If you believe automation is coming for 1 in every 2 jobs (it may well be), then perhaps career progression doesn’t matter a ton long-term. But for the short-term, it definitely does. People often have defined career goals, but it’s a murky path through to them right now. Employees want to be trained, but oftentimes employers don’t want that (it’s a cost, after all). When they do offer training, it’s often low-impact BS led by HR.
The final elephant in this family room is the role of job-hopping. That’s often the only way to make more money these days (i.e. career progression), but we still have a stigma among HR reps that if you job-hop, you’re somehow a “loose cannon” or something. It can paint people into corners. Combined with generally awful hiring practices, we create an ecosystem where many companies miss out on the absolute best person for their role — often because of some antiquated HR belief. Sad.
Most of the above was the organizational side of a career arc. Now we come to the personal.
As people move through a career, though, they also have “derailment periods.” These are aspects of personality or working style that can push your career progression in the wrong direction if not managed. And what are those?
The five aspects that derail career progression
Carter Cast is a business school professor at Northwestern and wrote a book on “how brilliant careers are made and unmade,” so he seemingly knows his stuff on career progression and arc. He did a podcast with Northwestern’s Insight page, and here are his top five career derailers at the individual level:
- Relational issues with other people (by far the biggest hit to career progression)
- Can’t hack it as a manager after being a good employee
- Clinging to what you know instead of growing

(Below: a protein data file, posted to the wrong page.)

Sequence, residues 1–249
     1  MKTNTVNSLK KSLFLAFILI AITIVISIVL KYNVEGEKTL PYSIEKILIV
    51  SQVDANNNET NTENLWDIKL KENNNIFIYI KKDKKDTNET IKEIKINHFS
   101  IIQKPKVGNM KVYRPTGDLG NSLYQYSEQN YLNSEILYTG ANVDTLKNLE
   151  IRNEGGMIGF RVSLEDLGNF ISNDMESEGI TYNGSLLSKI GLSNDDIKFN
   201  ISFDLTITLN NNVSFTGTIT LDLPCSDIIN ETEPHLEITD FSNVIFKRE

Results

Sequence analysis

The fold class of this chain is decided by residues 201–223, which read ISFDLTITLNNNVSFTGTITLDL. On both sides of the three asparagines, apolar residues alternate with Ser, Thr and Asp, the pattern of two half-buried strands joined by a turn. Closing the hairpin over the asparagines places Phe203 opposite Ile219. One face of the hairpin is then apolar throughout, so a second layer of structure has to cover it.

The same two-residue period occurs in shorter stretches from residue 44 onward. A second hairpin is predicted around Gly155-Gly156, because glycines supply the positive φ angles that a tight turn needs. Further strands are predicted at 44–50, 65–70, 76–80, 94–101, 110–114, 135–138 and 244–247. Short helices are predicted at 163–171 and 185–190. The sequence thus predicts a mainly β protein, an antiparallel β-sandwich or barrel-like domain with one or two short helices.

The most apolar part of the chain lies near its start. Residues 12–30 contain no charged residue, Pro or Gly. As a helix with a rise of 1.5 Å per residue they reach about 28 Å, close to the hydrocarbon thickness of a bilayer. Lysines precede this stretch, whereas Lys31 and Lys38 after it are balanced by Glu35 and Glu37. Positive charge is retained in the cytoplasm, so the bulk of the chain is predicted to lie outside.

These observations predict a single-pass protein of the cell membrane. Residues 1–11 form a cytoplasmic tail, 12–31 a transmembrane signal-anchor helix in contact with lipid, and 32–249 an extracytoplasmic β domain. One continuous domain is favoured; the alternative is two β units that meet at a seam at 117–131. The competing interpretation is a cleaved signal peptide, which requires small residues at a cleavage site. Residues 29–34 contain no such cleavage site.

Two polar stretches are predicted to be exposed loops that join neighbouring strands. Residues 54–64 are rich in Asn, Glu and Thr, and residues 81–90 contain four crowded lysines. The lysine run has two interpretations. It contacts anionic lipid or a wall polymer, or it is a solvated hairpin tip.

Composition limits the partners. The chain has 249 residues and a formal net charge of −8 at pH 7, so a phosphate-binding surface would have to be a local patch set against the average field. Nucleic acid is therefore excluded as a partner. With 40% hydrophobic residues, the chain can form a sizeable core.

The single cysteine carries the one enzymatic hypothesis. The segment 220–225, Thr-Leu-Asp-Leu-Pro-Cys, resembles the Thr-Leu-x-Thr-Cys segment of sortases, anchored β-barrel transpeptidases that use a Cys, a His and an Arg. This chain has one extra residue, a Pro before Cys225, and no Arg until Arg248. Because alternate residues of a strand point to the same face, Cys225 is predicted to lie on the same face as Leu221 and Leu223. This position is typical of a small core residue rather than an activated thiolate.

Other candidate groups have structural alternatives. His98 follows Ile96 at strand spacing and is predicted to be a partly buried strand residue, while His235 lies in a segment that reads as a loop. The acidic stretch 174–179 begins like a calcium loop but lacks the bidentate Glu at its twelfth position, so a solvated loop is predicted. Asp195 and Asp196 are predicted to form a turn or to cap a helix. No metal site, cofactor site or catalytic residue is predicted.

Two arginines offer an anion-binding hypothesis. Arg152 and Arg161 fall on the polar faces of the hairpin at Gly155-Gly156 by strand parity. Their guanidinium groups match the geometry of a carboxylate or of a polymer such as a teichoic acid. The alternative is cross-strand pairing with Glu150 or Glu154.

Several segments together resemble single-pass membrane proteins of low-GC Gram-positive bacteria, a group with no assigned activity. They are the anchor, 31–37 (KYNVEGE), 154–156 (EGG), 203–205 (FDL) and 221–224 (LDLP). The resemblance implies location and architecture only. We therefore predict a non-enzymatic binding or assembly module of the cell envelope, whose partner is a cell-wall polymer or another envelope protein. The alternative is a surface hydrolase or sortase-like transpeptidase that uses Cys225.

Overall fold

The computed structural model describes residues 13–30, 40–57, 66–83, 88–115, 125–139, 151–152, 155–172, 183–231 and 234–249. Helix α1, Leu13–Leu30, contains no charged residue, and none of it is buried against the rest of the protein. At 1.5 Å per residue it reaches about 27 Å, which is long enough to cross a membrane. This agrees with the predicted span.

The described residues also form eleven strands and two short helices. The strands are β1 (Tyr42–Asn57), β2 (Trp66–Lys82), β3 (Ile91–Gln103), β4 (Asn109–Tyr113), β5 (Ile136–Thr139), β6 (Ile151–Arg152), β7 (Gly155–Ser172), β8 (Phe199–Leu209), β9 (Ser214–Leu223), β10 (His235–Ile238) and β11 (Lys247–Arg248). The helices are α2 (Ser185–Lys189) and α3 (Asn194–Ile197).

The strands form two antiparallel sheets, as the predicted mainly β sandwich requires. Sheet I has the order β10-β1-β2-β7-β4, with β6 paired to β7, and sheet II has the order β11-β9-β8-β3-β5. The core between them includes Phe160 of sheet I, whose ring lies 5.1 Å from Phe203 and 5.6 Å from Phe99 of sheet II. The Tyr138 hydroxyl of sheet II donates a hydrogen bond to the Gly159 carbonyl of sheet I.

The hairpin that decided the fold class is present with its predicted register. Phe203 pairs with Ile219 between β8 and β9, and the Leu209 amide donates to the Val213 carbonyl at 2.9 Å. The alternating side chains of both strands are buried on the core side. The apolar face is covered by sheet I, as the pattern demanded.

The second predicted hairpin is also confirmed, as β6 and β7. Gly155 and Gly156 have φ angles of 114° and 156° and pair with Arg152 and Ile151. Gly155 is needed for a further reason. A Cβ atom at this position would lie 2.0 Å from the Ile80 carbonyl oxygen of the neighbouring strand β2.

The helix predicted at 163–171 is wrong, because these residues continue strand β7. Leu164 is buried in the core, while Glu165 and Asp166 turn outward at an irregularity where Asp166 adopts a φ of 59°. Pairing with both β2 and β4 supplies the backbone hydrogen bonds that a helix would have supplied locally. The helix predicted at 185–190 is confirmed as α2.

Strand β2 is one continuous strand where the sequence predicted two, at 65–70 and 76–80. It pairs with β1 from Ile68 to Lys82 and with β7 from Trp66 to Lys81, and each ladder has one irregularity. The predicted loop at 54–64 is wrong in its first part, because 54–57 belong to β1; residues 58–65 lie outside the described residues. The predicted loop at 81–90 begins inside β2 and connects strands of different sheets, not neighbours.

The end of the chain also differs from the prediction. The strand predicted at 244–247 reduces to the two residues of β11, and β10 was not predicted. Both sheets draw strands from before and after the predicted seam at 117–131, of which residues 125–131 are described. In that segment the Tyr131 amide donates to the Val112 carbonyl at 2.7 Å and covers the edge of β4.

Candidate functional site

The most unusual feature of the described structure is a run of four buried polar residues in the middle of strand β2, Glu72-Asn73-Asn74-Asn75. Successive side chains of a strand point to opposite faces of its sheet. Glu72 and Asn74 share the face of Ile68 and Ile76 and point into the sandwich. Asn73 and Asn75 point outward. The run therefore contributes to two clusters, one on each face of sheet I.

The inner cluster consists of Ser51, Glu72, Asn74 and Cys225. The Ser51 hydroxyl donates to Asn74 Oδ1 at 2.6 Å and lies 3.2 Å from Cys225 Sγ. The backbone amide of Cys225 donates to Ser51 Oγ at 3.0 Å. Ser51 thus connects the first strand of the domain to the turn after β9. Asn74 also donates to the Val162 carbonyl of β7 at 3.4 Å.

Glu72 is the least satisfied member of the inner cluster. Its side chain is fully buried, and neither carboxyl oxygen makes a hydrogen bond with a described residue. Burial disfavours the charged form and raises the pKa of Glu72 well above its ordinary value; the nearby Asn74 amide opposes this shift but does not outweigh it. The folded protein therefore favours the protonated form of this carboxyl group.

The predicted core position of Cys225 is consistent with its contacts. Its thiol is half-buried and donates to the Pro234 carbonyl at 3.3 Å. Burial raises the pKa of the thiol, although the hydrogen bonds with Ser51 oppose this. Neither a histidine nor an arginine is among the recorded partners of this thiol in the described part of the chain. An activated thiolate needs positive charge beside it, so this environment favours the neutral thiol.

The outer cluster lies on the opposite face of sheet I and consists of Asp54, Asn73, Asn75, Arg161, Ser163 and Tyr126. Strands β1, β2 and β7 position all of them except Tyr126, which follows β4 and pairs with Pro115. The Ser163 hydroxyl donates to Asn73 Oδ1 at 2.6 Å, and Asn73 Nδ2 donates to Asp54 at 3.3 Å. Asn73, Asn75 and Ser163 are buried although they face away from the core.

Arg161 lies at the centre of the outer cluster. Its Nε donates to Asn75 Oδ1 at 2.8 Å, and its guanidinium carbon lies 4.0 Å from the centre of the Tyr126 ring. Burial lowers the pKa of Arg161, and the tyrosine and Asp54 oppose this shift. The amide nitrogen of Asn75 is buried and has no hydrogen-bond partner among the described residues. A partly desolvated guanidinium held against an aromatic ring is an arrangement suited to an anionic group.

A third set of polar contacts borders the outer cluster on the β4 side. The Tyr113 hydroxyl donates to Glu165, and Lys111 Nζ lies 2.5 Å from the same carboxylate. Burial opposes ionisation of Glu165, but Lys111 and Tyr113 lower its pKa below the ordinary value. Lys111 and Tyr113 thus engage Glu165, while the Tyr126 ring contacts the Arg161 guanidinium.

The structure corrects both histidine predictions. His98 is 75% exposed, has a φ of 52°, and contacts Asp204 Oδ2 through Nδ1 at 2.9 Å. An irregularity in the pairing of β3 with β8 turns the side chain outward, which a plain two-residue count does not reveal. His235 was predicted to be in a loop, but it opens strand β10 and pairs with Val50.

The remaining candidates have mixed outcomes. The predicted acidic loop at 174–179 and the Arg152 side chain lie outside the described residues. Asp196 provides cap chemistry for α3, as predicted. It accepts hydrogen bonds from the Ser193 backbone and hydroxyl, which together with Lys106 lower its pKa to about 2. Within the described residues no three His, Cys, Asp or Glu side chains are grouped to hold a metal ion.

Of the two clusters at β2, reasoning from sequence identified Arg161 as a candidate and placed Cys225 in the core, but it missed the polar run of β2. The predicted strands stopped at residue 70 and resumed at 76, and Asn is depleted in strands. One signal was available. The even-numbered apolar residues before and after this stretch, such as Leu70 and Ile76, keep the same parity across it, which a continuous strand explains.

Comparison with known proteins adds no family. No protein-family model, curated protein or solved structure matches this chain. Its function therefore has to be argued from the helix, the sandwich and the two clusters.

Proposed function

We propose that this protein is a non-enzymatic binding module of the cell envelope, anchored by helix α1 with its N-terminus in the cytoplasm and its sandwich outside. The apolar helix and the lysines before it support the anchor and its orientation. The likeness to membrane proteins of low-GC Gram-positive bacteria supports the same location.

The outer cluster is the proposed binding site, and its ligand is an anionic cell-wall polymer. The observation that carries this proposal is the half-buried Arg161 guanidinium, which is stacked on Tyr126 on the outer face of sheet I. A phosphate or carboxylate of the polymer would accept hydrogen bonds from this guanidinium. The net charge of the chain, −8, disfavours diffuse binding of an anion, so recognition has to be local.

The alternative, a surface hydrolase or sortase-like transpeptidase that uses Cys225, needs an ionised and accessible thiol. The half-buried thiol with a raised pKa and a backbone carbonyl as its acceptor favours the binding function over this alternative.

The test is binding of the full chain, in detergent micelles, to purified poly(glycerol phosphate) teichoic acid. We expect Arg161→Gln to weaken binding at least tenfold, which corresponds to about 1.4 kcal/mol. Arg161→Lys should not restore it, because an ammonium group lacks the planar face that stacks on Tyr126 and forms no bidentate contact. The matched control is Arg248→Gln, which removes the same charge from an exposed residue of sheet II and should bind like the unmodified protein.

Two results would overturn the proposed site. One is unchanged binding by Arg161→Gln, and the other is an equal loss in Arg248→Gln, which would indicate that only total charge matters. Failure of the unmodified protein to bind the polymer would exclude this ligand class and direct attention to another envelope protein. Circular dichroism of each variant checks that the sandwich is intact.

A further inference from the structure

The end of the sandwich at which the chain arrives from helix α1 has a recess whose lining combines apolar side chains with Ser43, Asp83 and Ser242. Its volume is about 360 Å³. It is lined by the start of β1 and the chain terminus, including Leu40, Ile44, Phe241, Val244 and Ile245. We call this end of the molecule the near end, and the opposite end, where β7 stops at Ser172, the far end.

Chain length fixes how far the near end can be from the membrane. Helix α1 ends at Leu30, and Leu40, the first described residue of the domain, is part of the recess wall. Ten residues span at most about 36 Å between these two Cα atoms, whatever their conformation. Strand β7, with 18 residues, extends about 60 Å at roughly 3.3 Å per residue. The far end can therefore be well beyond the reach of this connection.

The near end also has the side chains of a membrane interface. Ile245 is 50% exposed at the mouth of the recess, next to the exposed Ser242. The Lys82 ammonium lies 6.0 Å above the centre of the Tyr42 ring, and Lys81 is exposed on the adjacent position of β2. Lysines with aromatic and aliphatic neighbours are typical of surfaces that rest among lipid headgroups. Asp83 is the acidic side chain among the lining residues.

- Very good at execution; no clue on strategy
- Over-commit and struggle to prioritize
All seem fairly logical and I’m sure you’ve all seen people experience all five. Let’s go one-by-one quickly.
Relational issues with people
Yep. A lot of people end up being assholes at work, because they’re chasing relevance for themselves as opposed to anything else. In reality, work is (still) made up of humans, so what matters are concepts like gratitude and friendship. Most people think the KPIs and deliverables matter. If you push the people to the side, though, work becomes a much bigger zoo.
Can’t hack it as a manager
All too common: 82 percent of managers end up being the wrong hire. The simplest problem is two-fold. First, we promote off execution (see below). Execution can be ruthless and efficient, but it doesn’t mean you know how to relate to others. Then you manage others and the whole thing blows up. Second: most people only want to become managers because it’s the only way to make more money. They don’t want to manage people or take on responsibility; they’re doing it for the money. Often, it’s the only compensation path they can follow. When you become a manager and don’t want to be a manager, well, it doesn’t usually end well.
Clinging to what you know
Normative nowadays, as many chase retirement and ignore concepts like “digital disruption.” This is actually maybe the most annoying part of white-collar work these days: there’s so much potential for advancement and new ideas, especially around metrics, but so many “decision-makers” are using 1991 methodology because it’s all they understand.
Don’t understand strategy
The elephants in the career progression room
This is literally all relative to organization. At some places, you can cling to what you know for 20 years and get promoted 11 times. That’s why “relational” is so important. If you have relationships with the right people within your organization, none of the other four matter that much. You will eventually get minted even if you don’t understand strategy or would be a terrible manager. We have all worked for this guy. No clue on priority, strategy, and hides behind portals instead of having conversations. Every new idea is “No, we’ve always done it this way.” How did this guy get up the chain? Because he did the relational part well enough, or he stuck around long enough and they had to put him somewhere. This is middle management personified.
How can we improve career progression?
I’m a terrible person to ask, because I’ve never really been great at the whole “jobs” or “career arc” thing. My parents probably spent $30,000 on my kindergarten and now I mostly take conference calls in an undershirt. I wouldn’t say I’m killing it at the life game, you know?
But here’s what I’d argue:
- This is an individual-level concept, not an organizational one.
- (Most organizations probably don’t care about your career progression, unfortunately.)
- “Look out for No. 1 and try to avoid stepping in No. 2.”
- Try to make decisions that make sense at the time.
- No decision is going to be perfect.
- “Skate to where the puck is going.”
And then maybe this:
What else you got on career progression?